Saturday, May 7, 2011

The Hunger Games/Nicholas Nickleby Double Review

Hello, wonderful people.

I used to blog here, didn't I?

Sorry for the major disappearance. But I had promised myself NOT to blog until I had finished this review post, so now-- here it is!! Enjoy and welcome back!


Okey-day, folks! Here goes my first attempt at doing a double-review post, with two of the most opposite books ever. :P

Because I'm mashing these up, the reviews will be shorter, and hopefully, more to the point XD

First off: The Hunger Games by Suzanne Collins.

Let me get one thing straight, before I start: (besides the fact that spoilers are inevitable)

Just because moi enjoyed said book, does not mean moi is recommending it to everybody and their dog. Thus, my thumbs-up to the book is not necessarily me saying, "I approve of this book! All of my friends should read it right now!"

Heh..... yeah. That's definitely not it.

Just so you know. ;)

Okay, NOW we can start.


In a not-too-distant future, the United States of America has collapsed, weakened by drought, fire, famine, and war, to be replaced by Panem, a country divided into the Capitol and 12 districts. Each year, two young representatives from each district are selected by lottery to participate in The Hunger Games. Part entertainment, part brutal intimidation of the subjugated districts, the televised games are broadcasted throughout Panem as the 24 participants are forced to eliminate their competitors, literally, with all citizens required to watch. 

When 16-year-old Katniss's young sister, Prim, is selected as the mining district's female representative, Katniss volunteers to take her place. She and her male counterpart, Peeta, the son of the town baker who seems to have all the fighting skills of a lump of bread dough, will be pitted against bigger, stronger representatives who have trained for this their whole lives. 

Collins's characters are completely realistic and sympathetic as they form alliances and friendships in the face of overwhelming odds; the plot is tense, dramatic, and engrossing. This book will definitely resonate with the generation raised on reality shows like 'Survivor' and 'American Gladiator.' Book one of a planned trilogy. School Library Journal


It's a book about a televised gladiator arena.... and the participants are kids

If that sounds a little sick and twisted, you're probably right. However, placing it in a post-apocalyptic world makes it a little less..... weird?? Abnormal?? Anyway, it isn't as freaky as it sounds off the top. In fact, it very much feels like a modern gladiator story. Again, if you give it enough thought, it sounds pretty sick and twisted.

I've tried to pinpoint why the book was so hugely popular. My thoughts are these:

1) It's a pretty unique and crazy premise. Who wouldn't want to read something crazy? The premise is, much of the time, what gets people to pick up a book. And I don't think something like this has been seen for awhile, personally. I mean, the big gladiator stories that sell have mainly been in the form of movies, i.e. Gladiator.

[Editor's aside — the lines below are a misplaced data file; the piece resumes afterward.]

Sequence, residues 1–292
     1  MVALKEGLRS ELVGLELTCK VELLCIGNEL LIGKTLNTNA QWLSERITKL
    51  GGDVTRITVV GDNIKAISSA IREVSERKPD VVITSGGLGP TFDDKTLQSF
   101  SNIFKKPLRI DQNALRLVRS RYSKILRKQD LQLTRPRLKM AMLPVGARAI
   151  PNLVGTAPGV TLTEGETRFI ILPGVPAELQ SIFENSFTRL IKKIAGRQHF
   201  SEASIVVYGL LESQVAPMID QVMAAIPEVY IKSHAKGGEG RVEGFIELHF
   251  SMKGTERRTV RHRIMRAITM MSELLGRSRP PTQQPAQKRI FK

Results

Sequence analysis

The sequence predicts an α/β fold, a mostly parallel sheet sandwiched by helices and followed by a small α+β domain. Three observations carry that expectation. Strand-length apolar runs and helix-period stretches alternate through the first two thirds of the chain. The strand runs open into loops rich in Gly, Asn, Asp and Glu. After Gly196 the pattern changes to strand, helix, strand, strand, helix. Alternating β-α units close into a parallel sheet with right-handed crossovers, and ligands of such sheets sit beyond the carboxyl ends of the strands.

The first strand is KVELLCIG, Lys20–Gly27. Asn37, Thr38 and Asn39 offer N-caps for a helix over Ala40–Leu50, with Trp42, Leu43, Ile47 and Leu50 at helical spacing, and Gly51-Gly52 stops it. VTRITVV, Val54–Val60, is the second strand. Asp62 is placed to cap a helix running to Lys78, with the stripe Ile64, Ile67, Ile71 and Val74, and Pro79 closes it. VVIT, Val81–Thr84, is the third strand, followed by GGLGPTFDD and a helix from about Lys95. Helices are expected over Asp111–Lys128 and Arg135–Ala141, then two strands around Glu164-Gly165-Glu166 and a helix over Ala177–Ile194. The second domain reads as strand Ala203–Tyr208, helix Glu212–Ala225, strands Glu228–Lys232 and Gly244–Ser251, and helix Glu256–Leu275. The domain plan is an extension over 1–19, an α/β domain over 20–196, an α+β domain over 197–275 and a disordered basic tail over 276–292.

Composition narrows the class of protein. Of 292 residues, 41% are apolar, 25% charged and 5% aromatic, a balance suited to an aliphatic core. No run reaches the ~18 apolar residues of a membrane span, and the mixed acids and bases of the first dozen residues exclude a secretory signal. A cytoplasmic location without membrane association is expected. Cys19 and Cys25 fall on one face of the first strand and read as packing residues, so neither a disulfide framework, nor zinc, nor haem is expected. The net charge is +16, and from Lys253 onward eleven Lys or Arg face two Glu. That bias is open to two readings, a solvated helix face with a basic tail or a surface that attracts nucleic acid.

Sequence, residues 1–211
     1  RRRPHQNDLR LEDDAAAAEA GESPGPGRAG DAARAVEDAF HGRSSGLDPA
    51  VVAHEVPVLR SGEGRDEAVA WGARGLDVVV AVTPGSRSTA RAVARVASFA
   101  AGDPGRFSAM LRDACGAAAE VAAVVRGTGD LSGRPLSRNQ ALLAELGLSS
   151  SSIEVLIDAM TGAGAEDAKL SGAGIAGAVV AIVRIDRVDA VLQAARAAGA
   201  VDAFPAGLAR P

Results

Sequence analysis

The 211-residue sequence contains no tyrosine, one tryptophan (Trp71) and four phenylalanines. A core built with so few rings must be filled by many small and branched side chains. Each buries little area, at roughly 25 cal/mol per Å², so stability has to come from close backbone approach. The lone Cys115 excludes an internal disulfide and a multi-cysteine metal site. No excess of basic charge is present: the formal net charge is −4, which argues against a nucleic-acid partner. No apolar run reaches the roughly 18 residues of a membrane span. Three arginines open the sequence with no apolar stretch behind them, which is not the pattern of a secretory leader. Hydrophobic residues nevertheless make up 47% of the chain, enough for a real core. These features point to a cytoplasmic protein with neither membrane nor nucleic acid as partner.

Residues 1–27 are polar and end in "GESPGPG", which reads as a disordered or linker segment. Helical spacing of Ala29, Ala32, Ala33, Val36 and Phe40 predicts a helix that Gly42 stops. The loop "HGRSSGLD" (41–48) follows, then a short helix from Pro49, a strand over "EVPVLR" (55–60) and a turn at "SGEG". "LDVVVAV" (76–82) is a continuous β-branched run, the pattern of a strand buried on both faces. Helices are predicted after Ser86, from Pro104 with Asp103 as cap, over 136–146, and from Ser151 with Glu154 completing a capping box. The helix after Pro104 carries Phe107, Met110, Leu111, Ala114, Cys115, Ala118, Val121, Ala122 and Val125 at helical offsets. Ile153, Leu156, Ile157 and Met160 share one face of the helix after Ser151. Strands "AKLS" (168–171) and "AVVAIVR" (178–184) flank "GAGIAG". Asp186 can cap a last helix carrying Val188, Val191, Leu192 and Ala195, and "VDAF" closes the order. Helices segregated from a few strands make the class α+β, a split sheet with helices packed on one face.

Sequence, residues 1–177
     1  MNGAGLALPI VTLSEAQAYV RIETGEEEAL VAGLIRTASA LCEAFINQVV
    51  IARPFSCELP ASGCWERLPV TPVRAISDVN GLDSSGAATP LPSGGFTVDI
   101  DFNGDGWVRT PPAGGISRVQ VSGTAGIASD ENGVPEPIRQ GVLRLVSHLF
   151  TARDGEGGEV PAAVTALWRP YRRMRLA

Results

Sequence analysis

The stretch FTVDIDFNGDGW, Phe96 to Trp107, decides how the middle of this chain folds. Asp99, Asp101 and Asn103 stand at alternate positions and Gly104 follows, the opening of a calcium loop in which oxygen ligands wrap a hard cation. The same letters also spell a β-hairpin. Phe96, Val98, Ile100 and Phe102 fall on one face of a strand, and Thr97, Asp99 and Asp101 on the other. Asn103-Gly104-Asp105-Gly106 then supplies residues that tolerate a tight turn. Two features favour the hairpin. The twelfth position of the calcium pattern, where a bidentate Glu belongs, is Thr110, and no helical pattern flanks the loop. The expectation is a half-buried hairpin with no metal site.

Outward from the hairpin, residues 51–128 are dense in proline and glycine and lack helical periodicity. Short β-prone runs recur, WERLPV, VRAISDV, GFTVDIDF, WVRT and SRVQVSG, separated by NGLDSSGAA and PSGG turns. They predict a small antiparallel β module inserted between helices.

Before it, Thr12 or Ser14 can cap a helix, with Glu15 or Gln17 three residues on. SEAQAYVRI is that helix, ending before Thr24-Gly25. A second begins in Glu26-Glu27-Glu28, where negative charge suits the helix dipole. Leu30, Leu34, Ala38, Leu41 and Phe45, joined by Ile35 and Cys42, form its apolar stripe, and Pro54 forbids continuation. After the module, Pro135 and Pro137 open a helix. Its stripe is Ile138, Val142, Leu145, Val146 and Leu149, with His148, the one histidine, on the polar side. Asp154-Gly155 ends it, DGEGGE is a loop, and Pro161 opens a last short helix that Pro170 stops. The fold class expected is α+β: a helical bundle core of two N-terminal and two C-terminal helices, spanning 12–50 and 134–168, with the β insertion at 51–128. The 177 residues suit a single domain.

The story places the characters in a situation, that I don't think anybody has really been in, and the immediate unspoken question everyone thinks upon hearing the premise, is, "How would one handle the situation? How would one survive?" That was my thought-- it was so insane that I had to read it.

2) It's a very fast read. It's incredibly well paced, and I didn't even notice how fast the pages were turning. Putting it in first person, present tense certainly helped.
 The fact that it was so easy to read, not to mention amusing and action-packed (but not at the same time), would guarantee a wide audience and that a lot of people would pick it up.

If anyone else has a theory, please leave it in a comment! ;)

With the exception of needing a few more commas here and there, I have absolutely nothing to say, critique-wise, about Suzanne Collins' writing. I had read The Underland Chronicles series by her previously, and loved it. 
This was definitely a drastically different story, but I had extreme confidence in Collins' writing and storytelling abilities. The protagonists are strong, the sidekicks hilarious, and the villains just as compelling, even if, for the most part, there really is no good and bad- just survival.

For the record, this is the first book that I've read in first person AND present tense, and it was definitely fun. I personally just got a kick out of reading something that was in present tense. Sorry. It was just... fun. 

However, the book is not for everyone. If you can't even get over the fact that the book is about kids being forced to kill each other, (and I hold nothing against you for being repulsed by that), then don't even pick it up. And if you don't like fighting, blood, and killing, and/or complicated romance, don't pick it up.

But accepting it for what it is, The Hunger Games is a fun, exhilarating, wild ride that keeps you turning the pages faster and faster and faster. Wouldn't exactly say that is has any moral value per se, and the bare bones of the plot are nothing new, but the details and nuances and the unforgettable, distinct characters make The Hunger Games something of it's own. I will admit, hearing the words "empire" and "rebellion" did make send my thoughts right over to Star Wars. Just for a second.

Violence? Yes. It wasn't all that graphic, though. Still not for younger readers, but it's nothing like watching a gore-fest movie. I would definitely not give it to anyone under the age of twelve though, maybe thirteen. Call me picky.

Romance? Yes. It doesn't get disgusting, though. Kisses throughout, however. It gets pretty funny, though, because it's a mostly contrived romance that Katniss and Peeta have to fake for most of the book. Think about it for a second and tell me if faking being madly in love during a fight to the death isn't at least mildly amusing.

Note for the Guys: the story is told from the point of view of a girl, and while it's not awkward on the whole, there is a scene or two concerning Katniss and her outfits and outfit designer that I thought would be mildly awkward for a guy reader. But that was my only objection.

[Click here for a very well-done review of this book by Kate The Parchment Girl]

*** ***